I'm curious, what moved you from Marvel to DC?

Siskoid said...

I read books from both houses. In my teen years, I was reading Legion of Super-Heroes, New Teen Titans, and after the Crisis, all the Superman books. It was probably half and half by the time I left for college.

A more complete conversion would come, but that's Part III's story (no spoilers!).

Siskoid said...

All-Star Squadron, Secret Origins, Booster Gold, Blue Beetle, Captain Atom, Fury of Firestorm, the JLI family of books, Suicide Squad, Power of the Atom, Starman (Will Payton), Manhunter... just remembering more of the DC stuff I was reading in the 80s.

And basically, if it was available at newsstands (no comic book shop), I probably had an issue or more.

jdh417 said...

No easy comic book store access for me either. I road around on my bike hitting up convenience store racks all over my side of town looking for various titles. It made a bit of an adventure out of collecting. Mostly Marvels. I think I started with the X-Men with the issue preceding your first.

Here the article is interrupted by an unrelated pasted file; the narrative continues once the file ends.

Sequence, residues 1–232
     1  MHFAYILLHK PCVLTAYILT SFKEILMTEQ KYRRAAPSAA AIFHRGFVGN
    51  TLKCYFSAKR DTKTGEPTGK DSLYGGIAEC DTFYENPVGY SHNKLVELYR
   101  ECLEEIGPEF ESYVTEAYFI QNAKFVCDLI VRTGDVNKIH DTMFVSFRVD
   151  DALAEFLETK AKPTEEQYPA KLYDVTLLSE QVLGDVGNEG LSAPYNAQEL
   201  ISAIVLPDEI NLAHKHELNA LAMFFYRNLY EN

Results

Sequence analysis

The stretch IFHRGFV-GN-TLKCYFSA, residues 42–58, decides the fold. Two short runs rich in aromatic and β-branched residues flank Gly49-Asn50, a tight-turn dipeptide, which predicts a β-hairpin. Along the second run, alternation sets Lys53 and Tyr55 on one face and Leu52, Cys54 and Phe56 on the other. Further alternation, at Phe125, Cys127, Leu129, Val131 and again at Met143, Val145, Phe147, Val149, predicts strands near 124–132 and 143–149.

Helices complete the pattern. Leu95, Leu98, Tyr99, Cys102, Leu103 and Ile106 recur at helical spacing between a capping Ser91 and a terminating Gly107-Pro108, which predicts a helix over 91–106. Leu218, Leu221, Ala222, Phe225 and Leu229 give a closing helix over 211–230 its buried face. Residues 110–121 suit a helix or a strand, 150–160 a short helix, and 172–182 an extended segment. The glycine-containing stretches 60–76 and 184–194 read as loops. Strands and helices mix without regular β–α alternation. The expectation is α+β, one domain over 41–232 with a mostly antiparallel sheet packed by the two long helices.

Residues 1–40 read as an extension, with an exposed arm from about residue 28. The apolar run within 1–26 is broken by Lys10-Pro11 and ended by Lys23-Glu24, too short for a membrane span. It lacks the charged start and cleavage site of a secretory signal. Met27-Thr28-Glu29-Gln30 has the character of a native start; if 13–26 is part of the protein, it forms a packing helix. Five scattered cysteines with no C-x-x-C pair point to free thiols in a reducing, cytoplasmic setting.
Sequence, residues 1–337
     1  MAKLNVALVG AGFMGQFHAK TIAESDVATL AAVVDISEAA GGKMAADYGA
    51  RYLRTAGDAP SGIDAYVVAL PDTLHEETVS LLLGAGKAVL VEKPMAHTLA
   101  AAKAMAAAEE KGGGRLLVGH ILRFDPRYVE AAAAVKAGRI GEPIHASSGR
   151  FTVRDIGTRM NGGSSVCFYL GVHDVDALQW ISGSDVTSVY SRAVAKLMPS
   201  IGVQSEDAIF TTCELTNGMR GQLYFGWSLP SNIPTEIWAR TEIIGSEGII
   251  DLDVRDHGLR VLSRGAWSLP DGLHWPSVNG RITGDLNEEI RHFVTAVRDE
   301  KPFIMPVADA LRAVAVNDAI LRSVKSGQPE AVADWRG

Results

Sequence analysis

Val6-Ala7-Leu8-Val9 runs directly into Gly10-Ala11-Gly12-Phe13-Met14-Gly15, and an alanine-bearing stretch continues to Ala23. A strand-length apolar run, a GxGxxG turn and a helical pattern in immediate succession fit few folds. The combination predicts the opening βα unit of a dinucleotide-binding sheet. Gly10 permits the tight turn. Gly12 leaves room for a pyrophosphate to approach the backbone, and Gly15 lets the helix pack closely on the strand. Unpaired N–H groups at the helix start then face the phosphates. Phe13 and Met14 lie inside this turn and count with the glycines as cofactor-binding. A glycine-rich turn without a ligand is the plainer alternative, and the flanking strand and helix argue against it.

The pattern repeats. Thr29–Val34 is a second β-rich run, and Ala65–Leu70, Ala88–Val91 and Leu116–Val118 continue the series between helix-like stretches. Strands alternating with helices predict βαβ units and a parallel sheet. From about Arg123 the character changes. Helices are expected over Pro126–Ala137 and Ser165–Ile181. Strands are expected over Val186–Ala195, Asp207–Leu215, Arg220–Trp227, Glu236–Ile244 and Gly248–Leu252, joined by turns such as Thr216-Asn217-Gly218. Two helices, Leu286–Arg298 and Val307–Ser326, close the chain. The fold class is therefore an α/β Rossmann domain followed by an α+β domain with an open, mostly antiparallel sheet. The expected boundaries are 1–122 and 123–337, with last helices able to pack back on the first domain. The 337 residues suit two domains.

I also did an amateur audio version of a comic book, Phil Foglio's illustrated Myth Adventures.

Austin Gorton said...

Those old Handbooks were instrumental in pulling me further into comics as well. I didn't discover them until after I'd started reading some stuff (mainly X-books) regularly (lured to comics themselves from baseball cards via the Marvel Universe trading cards), but once I did, it was like a whole world (or, indeed, a universe) had opened up to me.

It was tough to find a lot of those old stories back then, but the Handbooks were a perfectly acceptable substitute at the time, and were a perfect combination of the raw stats I liked in baseball cards and the more fleshed out narratives I loved in comics.

Siskoid said...

Yeah, I think I even have a full run of Marvel Saga, which was just a retelling of Silver Age Marvel Comics in text form with illustrative panels.

Austin Gorton said...

Ah, yeah, I have that too - I particularly enjoyed the way they'd sneak in flashback/retcon panels from more current issues that fit in around the Silver Age stuff.